A Reflection on Conspiracy Theories

15 March 2010

Monday


Freud observed in The Future of an Illusion that an individual who participates in the socially accepted neurosis of organized religion is spared the effort of constructing their own personal neurosis. I think this is an accurate way to put the matter, and I think that with the recent ascendancy of conspiracy theories that we are witnessing the emergence of a new socially constituted neurosis in which individuals can participate without having to re-invent the wheel, as the saying goes. There is, in other words, a psychodynamic formulation of conspiracy theories that remains to be written.

From what I have personally seen in regard to the dissemination of conspiracy theories, it is that the same small group of influential conspiracy theorists who are interviewed repeatedly on the same radio shows. The conspiracy enthusiasts listen to the radio shows, read the books, read the websites, and totally enclose themselves in a world complete unto itself, specifically, the conspiracy community.

This is very similar to highly motivated religious groups. Such communities exemplify what Erving Goffman called a “total institution” in his book Asylums. One suspects that the Branch Davidians under David Koresh exemplified a similar pattern. With this womb-like enclosure of the individual within a community, which supplies all needs and many if not most wants, there is no reason for the majority of people to look beyond this community.

But there is more than this at work. Most people (perhaps not all) want to feel important, and want to feel that they are part of something (indeed, important to something) larger than themselves. (This can have a petty dimension or a noble dimension to it: Bertrand Russell testified to the latter in his formulation of what he called an ethic of impersonal self-enlargement.) Many people (perhaps not most) in addition want to believe that they have recognized a truth that others have failed to recognize or which others have refused to recognize out of pure cussedness or some similarly perverse motive. All of this contributes to self-aggrandizement. Conspiracy theories in particular appeal to the desire of individuals to view themselves as part of a small elite that knows certain truths that others do not know or are too stubborn and hidebound to accept.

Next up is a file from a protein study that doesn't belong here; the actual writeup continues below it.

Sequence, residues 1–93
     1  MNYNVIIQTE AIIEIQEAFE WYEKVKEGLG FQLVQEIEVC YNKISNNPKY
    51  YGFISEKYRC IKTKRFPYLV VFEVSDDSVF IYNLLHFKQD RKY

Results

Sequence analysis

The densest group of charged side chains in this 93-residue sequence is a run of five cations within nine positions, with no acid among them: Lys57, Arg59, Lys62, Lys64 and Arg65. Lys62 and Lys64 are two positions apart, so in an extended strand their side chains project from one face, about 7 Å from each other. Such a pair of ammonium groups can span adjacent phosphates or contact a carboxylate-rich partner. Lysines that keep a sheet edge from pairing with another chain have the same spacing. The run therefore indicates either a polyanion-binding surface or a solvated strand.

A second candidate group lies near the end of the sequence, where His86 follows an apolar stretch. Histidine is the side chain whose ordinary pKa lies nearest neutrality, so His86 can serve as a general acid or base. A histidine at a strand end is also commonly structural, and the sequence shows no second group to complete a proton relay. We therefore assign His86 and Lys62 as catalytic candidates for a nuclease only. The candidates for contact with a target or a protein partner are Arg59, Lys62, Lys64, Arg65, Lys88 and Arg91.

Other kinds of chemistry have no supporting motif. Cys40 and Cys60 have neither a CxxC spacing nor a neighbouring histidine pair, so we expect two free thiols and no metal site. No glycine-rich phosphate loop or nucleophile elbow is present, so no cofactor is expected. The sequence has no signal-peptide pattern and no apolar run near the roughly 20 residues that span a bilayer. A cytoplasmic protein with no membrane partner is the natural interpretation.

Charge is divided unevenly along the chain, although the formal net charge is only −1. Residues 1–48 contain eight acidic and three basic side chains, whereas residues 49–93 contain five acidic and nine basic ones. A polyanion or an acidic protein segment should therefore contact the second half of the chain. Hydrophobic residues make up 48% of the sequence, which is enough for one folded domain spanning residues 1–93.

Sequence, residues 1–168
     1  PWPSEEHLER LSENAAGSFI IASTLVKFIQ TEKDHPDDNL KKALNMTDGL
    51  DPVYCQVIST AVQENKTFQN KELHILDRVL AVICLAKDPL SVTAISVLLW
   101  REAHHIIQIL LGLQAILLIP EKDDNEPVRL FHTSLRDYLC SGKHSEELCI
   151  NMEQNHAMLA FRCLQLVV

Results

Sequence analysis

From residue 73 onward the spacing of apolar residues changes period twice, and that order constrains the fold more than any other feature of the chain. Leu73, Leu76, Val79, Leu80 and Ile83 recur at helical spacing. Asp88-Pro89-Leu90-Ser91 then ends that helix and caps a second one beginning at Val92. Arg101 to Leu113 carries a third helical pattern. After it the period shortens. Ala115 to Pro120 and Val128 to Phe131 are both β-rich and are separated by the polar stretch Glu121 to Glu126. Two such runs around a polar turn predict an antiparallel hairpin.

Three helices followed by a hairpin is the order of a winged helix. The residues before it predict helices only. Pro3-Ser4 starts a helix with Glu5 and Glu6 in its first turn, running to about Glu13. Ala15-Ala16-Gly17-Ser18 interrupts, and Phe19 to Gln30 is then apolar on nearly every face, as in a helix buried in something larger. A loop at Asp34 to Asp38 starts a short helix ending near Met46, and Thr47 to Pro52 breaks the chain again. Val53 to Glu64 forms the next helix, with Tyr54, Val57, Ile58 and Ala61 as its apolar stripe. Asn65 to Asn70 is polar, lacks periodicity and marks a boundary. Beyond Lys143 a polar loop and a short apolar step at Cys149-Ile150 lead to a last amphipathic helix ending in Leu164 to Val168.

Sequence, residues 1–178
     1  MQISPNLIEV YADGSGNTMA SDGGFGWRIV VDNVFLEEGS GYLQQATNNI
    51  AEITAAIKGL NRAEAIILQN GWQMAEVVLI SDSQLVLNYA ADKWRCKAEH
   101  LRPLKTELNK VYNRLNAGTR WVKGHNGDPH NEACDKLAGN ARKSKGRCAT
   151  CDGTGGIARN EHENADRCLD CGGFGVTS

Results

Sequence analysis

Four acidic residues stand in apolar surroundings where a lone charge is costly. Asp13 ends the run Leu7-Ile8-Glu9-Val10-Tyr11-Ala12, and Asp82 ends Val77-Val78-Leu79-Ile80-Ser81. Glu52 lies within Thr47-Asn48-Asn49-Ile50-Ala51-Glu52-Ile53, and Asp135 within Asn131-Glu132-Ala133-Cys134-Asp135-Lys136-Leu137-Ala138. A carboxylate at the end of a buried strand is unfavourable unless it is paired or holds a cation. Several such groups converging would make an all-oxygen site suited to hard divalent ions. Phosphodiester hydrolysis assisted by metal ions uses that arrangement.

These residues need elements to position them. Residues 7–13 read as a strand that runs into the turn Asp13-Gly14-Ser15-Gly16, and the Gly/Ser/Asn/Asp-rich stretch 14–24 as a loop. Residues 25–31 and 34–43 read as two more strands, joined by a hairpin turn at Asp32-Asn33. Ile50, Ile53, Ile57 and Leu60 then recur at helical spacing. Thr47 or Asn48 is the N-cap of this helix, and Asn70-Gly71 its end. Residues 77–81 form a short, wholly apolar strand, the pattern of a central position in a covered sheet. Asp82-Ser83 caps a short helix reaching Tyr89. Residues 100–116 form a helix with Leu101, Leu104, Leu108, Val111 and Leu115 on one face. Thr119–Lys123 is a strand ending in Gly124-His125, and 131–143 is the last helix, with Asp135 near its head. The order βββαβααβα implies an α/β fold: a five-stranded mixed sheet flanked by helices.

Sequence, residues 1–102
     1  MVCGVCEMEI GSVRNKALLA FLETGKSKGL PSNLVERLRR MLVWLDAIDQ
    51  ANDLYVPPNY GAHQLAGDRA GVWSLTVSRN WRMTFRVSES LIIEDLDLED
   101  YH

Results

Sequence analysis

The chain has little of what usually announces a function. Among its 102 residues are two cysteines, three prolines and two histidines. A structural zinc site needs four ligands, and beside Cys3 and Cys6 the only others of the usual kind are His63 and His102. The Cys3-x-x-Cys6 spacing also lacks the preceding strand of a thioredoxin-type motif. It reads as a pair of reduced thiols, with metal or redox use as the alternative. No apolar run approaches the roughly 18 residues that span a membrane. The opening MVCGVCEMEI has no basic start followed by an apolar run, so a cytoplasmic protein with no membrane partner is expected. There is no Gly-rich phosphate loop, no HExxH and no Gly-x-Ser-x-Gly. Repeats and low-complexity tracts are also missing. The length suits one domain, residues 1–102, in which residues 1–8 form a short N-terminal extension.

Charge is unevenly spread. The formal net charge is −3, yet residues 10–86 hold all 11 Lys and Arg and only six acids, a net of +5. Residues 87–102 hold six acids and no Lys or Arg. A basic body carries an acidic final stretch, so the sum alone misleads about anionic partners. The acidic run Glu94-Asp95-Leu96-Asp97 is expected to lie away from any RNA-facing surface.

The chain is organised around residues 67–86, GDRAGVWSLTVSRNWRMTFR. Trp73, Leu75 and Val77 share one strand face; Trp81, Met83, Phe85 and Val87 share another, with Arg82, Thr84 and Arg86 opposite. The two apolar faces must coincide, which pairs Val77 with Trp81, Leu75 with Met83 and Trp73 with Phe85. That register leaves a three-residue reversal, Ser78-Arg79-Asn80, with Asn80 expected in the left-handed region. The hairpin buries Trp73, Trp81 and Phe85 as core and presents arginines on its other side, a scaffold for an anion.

These mostly understandable human desires can reach a level of near desperation when they are denied. Bertrand Russell (in a different context than that cited above) compared the human need for sexual satisfaction to hunger, noting that when it goes unfulfilled it can blot out all other desires. I think the case is analogous with the need for self-aggrandizement. Intensely committed, ideologically focused groups provide for this need. Each individual is assured of their importance both within the group and generally their importance in the grand plan of the universe. While I don’t believe that I have ever personally been in the midst of a mass movement, I have read testimonials of those who have, and many of them have expressed a profound sense of being a part of something greater than themselves. Even a cheering and surging crowd can provide the sense of identity, importance, and participation in great events that so many people seem to desire.